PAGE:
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December 2021

New York City Announces Sweeping Vaccine Mandate for Private Employers

December 6, 2021

On December 6, 2021, Mayor Bill de Blasio announced vaccine mandates for all private employers, the first measure by a municipality in the country. De Blasio described the measure as a “pre-emptive strike” against increasing COVID-19 cases that would also reduce transmission of the Omicron variant and avoid shutdowns of the city.

The measure will go into effect on December 27, and the city estimates it will affect over 184,000 businesses. The city has already issued vaccine mandates for indoor dining, fitness and entertainment activities, and has required city employees to be vaccinated. There will be no testing option as an alternative, and the mandate will apply to employees in a workplace with other coworkers and will not apply to fully remote workers.

A similar mandate by the Biden administration, which applies only to companies with at least 100 employees, was stayed last month by the U.S. Court of Appeals for the Fifth Circuit. The dispute over the federal mandate centers around whether the U.S. Department of Labor’s Occupation Safety and Health Administration ("OSHA") had the proper authority to issue the mandate. Attorneys for the city differentiated their effort by saying that the city’s health commissioner has clearer legal authority to issue a mandate that protects New Yorkers during a health crisis. The federal mandate case was consolidated with other similar cases to the U.S. Court of Appeals for the Sixth Circuit Court of Appeals. The national preliminary injunction is to remain in place pending a decision by the district court, though it is anticipated that the U.S. Supreme Court will eventually decide on the matter.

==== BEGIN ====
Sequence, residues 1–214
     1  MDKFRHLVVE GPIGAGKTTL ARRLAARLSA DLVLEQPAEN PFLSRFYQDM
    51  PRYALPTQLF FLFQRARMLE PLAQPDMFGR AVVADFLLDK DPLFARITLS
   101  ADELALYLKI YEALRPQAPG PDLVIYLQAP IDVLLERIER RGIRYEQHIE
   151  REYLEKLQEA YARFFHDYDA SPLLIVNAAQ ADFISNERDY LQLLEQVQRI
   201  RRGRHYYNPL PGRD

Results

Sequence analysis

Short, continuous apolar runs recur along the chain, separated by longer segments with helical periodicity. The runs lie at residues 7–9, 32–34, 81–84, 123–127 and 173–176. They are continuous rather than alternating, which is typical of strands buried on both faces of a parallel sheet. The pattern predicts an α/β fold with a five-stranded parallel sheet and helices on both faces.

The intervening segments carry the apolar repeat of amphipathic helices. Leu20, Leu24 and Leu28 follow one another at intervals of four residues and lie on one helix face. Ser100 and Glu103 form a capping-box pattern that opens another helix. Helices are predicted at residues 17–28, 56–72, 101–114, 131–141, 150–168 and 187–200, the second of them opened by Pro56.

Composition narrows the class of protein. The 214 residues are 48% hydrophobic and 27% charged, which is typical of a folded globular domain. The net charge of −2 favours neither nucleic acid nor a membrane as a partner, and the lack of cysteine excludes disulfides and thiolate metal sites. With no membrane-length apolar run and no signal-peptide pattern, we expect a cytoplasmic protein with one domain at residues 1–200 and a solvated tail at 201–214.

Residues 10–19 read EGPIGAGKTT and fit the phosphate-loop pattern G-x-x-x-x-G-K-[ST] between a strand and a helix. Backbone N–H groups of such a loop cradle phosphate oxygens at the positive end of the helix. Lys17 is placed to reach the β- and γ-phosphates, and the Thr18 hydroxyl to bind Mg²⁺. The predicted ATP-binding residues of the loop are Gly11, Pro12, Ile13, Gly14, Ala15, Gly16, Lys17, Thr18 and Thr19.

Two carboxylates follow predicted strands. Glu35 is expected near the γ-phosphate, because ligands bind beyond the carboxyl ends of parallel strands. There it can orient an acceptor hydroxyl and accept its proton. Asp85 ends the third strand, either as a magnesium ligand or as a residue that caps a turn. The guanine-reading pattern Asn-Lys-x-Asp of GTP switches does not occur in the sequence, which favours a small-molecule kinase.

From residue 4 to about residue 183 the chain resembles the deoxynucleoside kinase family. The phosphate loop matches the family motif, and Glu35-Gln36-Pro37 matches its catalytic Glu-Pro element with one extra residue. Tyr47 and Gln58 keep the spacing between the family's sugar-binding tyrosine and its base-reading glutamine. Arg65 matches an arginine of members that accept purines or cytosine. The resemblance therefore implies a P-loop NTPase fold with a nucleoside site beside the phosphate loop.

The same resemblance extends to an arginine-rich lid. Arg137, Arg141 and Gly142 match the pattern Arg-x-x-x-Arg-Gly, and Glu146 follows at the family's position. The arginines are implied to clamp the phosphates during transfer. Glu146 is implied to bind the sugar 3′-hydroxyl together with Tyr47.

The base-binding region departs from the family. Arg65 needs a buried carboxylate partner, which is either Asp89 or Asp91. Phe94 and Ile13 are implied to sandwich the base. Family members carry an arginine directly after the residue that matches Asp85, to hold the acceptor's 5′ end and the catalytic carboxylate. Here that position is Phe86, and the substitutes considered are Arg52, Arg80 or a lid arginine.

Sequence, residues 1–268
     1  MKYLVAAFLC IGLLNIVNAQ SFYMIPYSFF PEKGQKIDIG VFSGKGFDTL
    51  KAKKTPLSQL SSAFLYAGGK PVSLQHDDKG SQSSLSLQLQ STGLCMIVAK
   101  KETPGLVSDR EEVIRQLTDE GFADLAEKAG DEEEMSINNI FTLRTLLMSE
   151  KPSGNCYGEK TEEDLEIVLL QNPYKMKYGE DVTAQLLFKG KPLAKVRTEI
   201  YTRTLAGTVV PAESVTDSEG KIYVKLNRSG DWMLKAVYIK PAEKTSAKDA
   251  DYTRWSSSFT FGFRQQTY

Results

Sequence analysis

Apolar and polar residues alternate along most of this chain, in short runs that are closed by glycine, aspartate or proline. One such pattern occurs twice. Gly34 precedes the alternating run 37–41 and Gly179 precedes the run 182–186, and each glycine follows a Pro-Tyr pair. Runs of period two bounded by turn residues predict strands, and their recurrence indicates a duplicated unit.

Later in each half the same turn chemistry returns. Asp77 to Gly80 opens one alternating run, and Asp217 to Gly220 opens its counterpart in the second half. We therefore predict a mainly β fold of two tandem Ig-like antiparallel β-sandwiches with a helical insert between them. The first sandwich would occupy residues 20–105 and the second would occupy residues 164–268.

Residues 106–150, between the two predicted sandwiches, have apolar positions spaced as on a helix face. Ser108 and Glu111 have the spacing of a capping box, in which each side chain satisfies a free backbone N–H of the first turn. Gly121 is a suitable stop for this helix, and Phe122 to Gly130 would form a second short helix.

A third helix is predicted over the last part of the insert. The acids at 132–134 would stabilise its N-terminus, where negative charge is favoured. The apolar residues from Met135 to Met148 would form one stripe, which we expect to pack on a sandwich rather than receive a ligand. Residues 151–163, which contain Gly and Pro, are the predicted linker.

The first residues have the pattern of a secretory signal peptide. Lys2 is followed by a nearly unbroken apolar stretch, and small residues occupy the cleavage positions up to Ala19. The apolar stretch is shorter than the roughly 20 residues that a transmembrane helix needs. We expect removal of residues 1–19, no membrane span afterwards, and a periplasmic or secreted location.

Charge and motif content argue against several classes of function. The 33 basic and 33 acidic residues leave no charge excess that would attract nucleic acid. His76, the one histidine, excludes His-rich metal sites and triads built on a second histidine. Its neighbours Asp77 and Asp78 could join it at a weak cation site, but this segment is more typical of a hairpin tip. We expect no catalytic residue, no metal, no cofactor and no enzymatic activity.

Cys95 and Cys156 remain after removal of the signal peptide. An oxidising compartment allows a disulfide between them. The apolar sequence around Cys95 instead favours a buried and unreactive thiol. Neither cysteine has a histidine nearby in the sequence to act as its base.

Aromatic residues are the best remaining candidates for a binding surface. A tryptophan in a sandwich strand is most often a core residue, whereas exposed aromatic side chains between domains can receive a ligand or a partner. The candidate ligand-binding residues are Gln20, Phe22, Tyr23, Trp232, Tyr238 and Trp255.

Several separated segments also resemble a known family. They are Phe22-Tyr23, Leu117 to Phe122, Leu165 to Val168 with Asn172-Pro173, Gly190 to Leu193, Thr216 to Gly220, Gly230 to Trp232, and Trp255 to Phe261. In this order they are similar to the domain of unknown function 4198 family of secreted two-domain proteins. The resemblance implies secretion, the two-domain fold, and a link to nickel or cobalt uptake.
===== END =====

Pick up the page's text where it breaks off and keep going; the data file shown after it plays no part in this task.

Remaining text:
Mayor de Blasio, who has less than one month in office, is confident that this new mandate will survive any legal challenges, and noted that past mandates have been upheld. Last month, the U.S. Court of Appeals for the Second Circuit upheld New York’s vaccine mandate for healthcare workers, rejecting arguments that the mandate failed to provide for religious exemptions and violated religious freedoms. The Second Circuit distinguished between an exemption from the vaccination mandate and an alternative accommodation, noting that employees can still request a religious accommodation allowing them to continue working consistent with the mandate, while avoiding the vaccination requirement. Additionally, the same court upheld the city’s vaccine mandate after a lawsuit was filed by unions representing the city’s teachers and principals in October 2021. Similarly, a lawsuit seeking to block the vaccine mandate for the New York Police Department was denied by the state court, which relied on a 2019 state appellate ruling that upheld a vaccine mandate for measles.

A spokesperson for Mayor-elect Eric Adams said Mr. Adams would review the measure once in office. Mr. Adams has previously stated that he is open to revisiting some aspects of Mayor de Blasio’s mandates.

Further details and guidelines about the city measure will be released on December 15, which the mayor said will give him time to seek input from business leaders. Employers should consult with counsel regarding the upcoming mandate and evaluate their own internal vaccine policies.

For more details, click here for an earlier publication on this topic. Please contact the Gordon & Rees Employment Law practice group for additional guidance.

Employment Law

Mercedes Colwin
Misty D. Marris

Employment Law